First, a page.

Turkish President Recep Tayyip Erdoğan has used his presidential power to pardon two retired generals due to their advanced age who were serving life sentences for their role in a military intervention in Turkey in 1997 known as the Feb. 28 postmodern coup, Deutsche Welle Turkish edition reported.
Erdoğa made his decision on 87-year-old İlhan Kılıç and 75-year-old Kenan Deniz based on a report from the Council of Forensic Medicine (ATK). Presidents have the power to pardon convicts due to advanced age or health problems, according to the 104th article of the Turkish Constitution.
The generals were among a group of retired generals who have been behind bars since August 2021 after their convictions in 2018 by a high criminal court in Ankara were upheld by the country’s top appeals court in July 2021.
Erdoğan’s decision to pardon the two retired generals came in the wake of outrage caused by the December death in prison of 85-year-old retired general Vural Avar. Avar, who was also serving a life sentence due to his role in the 1997 military intervention, died in his sleep in prison.
He had been held in Ankara’s Sincan Prison despite health problems. He was suffering from dementia that had progressed and had cracked his ribs after a fall in the prison bathroom in late October.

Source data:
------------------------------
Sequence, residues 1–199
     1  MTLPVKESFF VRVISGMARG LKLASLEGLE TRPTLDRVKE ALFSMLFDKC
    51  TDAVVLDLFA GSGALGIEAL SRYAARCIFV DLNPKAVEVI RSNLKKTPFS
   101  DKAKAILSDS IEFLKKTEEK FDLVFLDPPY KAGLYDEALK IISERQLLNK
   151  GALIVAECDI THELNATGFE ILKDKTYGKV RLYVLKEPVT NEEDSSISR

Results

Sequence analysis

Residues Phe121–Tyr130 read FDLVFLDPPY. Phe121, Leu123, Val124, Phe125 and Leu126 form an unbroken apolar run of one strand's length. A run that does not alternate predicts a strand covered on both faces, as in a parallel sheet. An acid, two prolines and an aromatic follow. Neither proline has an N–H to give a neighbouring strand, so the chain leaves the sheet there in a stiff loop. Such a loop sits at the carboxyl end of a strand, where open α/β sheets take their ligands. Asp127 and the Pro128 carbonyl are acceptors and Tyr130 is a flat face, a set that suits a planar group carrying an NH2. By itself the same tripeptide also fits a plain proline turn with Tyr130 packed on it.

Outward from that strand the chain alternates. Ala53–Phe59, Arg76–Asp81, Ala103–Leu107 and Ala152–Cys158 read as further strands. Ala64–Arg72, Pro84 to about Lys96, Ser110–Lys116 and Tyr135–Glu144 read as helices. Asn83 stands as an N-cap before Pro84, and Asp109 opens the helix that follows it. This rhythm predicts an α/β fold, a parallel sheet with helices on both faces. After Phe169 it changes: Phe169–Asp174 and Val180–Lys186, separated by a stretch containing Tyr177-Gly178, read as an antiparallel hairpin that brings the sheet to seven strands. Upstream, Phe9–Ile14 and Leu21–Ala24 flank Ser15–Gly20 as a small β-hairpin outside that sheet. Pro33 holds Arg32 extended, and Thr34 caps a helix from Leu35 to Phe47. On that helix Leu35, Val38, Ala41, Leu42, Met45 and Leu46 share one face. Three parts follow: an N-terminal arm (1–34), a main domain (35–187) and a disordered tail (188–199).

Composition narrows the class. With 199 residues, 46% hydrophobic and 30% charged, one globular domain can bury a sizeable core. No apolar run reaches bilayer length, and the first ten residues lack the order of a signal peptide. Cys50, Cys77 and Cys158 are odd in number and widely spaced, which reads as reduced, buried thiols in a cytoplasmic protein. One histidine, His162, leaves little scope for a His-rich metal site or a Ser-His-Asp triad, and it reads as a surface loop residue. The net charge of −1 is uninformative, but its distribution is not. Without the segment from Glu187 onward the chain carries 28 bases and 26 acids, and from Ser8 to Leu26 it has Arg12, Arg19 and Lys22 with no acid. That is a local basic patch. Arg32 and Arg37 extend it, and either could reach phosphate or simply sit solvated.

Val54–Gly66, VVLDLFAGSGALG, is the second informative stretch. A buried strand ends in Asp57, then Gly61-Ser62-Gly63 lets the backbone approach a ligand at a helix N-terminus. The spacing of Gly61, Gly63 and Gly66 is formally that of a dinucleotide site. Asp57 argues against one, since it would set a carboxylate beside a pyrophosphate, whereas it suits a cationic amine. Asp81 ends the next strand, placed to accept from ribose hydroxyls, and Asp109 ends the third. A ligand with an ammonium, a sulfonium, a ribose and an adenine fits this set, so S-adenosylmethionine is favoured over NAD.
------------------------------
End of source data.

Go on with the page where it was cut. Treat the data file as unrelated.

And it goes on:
The retired generals were also stripped of their rank following their conviction.
The trial concerned the military intervention of Feb. 28, 1997, which did not result in direct military rule but forced the late prime minister Necmettin Erbakan to resign after the National Security Council (MGK) issued a memorandum saying that there was rising religious fundamentalism in the country.
The bloodless “postmodern” coup is famous for having deposed the head of government after tanks paraded on the outskirts of Ankara and Erbakan was given an ultimatum.
Since the Islamist Erbakan-led government was forced out without the dissolution of parliament or the suspension of the constitution, the event was labeled a “postmodern coup” by members of the military involved in the process.
Turkey saw violent coups in 1960 and 1980, but under Erdoğan, who survived an abortive putsch in 2016, the political strength of the military has been drastically curtailed.